Weak China Auto Sales Won't Hamper Ford And GMF) and General Motors (GM). Though Beijing is taking measures to arrest the slowdown in China by launching stimulus programs to shore up the economy and the stock market, the fact that China is no more growing as fast as it did over the last 3 decades cannot be denied.
The GDP growth of China has continuously declined over the past few years.
In line with the overall economy, important indicators such as industrial production and retail sales growth have also slowed down. For instance, in June, China's industrial profits dropped 0.3%. Thus, it is evident that China is facing a slowdown, and despite stimulus measures, there is no sign of a turnaround.
The effect on the automobile industry
The Chinese auto industry is also bearing the brunt of the economic slowdown. In fact, the growth of the auto industry in China has dropped from 16% in 2013 to 9.9% last year, as shown below. Additionally, the projection for 2015 is weaker at 8%, which looks likely given the recent drop in auto sales in China. For instance, in June, China auto sales dropped 2.3% as compared to last year, which is the first year-over-year decline in monthly auto sales in more than two years in China.
Why Ford and GM stand to lose
The slowdown in the Chinese auto industry is hurting global automobile companies that were counting on China as their next growth frontier. China is the biggest automobile market in the world, bigger than even the U.S. and European Union countries. Thus, major OEMs such as Ford and GM are aggressively pursuing growth in this area.
In fact, 20% of GM's profits come from China, compared to 14% for Ford. Industry experts state that GM's presence and reliance on China sales and revenue is huge, and it will be hit harder than any other global player. Ford, on the other hand, has a lower level of dependence on China.
As such, it is not surprising to see that Goldman Sachs downgraded General Motors stock to “neutral” from “buy,” while it upgraded Ford to “buy” from “neutral.” Both the actions have the China slowdown as one of the major reasons behind them. Goldman reasons this by saying that GM's guidance for China “looks vulnerable,” while Ford has an “easier growth trajectory” in China because of having a smaller market share.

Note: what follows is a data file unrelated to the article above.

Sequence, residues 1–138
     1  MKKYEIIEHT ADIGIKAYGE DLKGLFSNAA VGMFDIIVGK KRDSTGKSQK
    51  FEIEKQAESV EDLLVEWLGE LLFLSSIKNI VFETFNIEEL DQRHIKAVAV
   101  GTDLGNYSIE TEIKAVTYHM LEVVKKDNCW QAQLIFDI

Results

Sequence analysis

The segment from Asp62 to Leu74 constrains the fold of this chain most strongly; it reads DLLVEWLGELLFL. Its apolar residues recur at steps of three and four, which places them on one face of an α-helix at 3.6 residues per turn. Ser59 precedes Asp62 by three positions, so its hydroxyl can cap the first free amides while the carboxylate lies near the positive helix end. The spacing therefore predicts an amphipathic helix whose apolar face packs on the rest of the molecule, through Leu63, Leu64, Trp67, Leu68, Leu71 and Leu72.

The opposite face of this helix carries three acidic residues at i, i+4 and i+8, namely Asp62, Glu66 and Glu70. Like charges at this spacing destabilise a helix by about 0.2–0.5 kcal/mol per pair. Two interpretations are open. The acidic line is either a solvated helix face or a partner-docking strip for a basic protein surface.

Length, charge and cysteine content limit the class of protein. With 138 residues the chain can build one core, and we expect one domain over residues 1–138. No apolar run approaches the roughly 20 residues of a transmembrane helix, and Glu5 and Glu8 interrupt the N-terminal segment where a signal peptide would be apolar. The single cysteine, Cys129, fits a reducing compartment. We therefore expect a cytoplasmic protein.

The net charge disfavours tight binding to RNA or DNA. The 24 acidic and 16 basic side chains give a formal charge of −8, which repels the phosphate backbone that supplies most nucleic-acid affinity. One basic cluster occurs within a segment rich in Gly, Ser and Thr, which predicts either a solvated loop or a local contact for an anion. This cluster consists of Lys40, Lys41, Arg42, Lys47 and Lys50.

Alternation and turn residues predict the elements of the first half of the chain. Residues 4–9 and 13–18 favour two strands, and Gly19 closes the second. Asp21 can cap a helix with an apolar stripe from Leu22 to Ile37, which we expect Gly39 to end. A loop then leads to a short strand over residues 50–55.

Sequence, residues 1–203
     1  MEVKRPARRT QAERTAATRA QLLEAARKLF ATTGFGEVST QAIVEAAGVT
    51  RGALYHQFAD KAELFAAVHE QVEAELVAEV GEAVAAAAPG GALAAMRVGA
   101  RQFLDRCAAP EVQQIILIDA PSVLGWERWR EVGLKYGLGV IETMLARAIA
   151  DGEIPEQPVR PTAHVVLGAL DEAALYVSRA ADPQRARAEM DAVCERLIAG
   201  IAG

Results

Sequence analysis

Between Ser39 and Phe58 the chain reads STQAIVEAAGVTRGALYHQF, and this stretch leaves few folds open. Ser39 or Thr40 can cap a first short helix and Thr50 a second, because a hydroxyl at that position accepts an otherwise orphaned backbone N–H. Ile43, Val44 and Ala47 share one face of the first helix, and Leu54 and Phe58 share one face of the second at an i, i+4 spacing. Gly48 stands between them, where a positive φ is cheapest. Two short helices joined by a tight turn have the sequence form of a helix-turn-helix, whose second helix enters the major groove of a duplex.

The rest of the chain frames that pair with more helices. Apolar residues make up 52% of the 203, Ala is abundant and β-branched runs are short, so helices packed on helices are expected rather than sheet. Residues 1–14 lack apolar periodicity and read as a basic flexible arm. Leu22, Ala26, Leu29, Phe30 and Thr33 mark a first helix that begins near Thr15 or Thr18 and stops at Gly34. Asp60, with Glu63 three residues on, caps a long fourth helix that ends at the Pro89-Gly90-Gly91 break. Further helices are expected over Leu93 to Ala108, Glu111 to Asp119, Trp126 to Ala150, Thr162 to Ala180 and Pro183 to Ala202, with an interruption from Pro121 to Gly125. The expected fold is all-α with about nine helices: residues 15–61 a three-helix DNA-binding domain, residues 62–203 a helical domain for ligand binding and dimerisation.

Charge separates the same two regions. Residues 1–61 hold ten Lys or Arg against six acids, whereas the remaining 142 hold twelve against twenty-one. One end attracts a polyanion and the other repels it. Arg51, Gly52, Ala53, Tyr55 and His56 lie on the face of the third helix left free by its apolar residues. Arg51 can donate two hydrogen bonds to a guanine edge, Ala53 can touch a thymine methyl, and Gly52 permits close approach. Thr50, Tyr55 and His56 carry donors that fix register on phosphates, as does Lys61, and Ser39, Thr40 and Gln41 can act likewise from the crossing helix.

Ford has 15 new vehicles for China in its pipeline. Thus, its near-term product momentum appears stronger since Ford can grow from its relatively small market share of 4.5% by launching new vehicles, while GM has a lot to lose since its market share at the end of last year in China was 14.8%. So, how are the two Detroit automakers going to combat the slowdown in the Chinese market? Let's find out.
Gearing up for the second half
China is where GM sells most of its vehicles in terms of volume. Along with its joint venture partners, the company is planning to invest $14 billion in China through 2018 to build seven manufacturing plants. It will add new and redesigned vehicles in the second half of the year to maintain its market share. But, at the same time, GM is also relying on price cuts to increase volumes.
GM CEO Mary Barra believes, “China is an emerging market. It's a very big market. We have very strong products. We have a strong brand with Buick. We're continuing to grow Chevrolet and Cadillac.”
Ford is also enthusiastic about the second half in China. It held 4.2% market share last year, and sold 543,488 vehicles in China through June this year, flat from a year ago. Ford will open four factories this year as a part of its growth strategy. The company is readying five soon to be launched new products, which include the Ford Taurus, the Ford Explorer, the Ford Everest, the Ford Focus, and the Focus ST. Expectations are high that these will provide the much needed growth momentum. Otherwise they will be cutting production in order to avoid the build-up of inventory.
GM, which has a greater market share in China as compared to Ford, is doing the right thing by trying to keep its market share intact and focus on moving more volumes. On the other hand, by bolstering its portfolio, Ford is trying to increase its market share in China by offering customers more variety. Thus, both companies are adopting smart strategies to suit their needs and overcome the slowdown in the Chinese market.
Published on Jul 28, 2015By Harsh Singh Chauhan